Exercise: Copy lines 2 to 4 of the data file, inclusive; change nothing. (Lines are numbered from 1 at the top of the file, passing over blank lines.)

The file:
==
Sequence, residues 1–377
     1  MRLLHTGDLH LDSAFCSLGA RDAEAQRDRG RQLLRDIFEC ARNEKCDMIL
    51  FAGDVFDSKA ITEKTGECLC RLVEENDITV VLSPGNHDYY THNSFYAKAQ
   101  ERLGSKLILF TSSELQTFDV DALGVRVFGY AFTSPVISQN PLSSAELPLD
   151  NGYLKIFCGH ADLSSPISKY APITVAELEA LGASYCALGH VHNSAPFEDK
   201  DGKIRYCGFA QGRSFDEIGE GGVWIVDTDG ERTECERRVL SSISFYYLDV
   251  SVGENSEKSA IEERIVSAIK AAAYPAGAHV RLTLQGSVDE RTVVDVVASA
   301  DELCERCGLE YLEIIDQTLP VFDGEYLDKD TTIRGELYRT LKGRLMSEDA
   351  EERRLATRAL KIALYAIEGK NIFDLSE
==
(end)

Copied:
     1  MRLLHTGDLH LDSAFCSLGA RDAEAQRDRG RQLLRDIFEC ARNEKCDMIL
    51  FAGDVFDSKA ITEKTGECLC RLVEENDITV VLSPGNHDYY THNSFYAKAQ
   101  ERLGSKLILF TSSELQTFDV DALGVRVFGY AFTSPVISQN PLSSAELPLD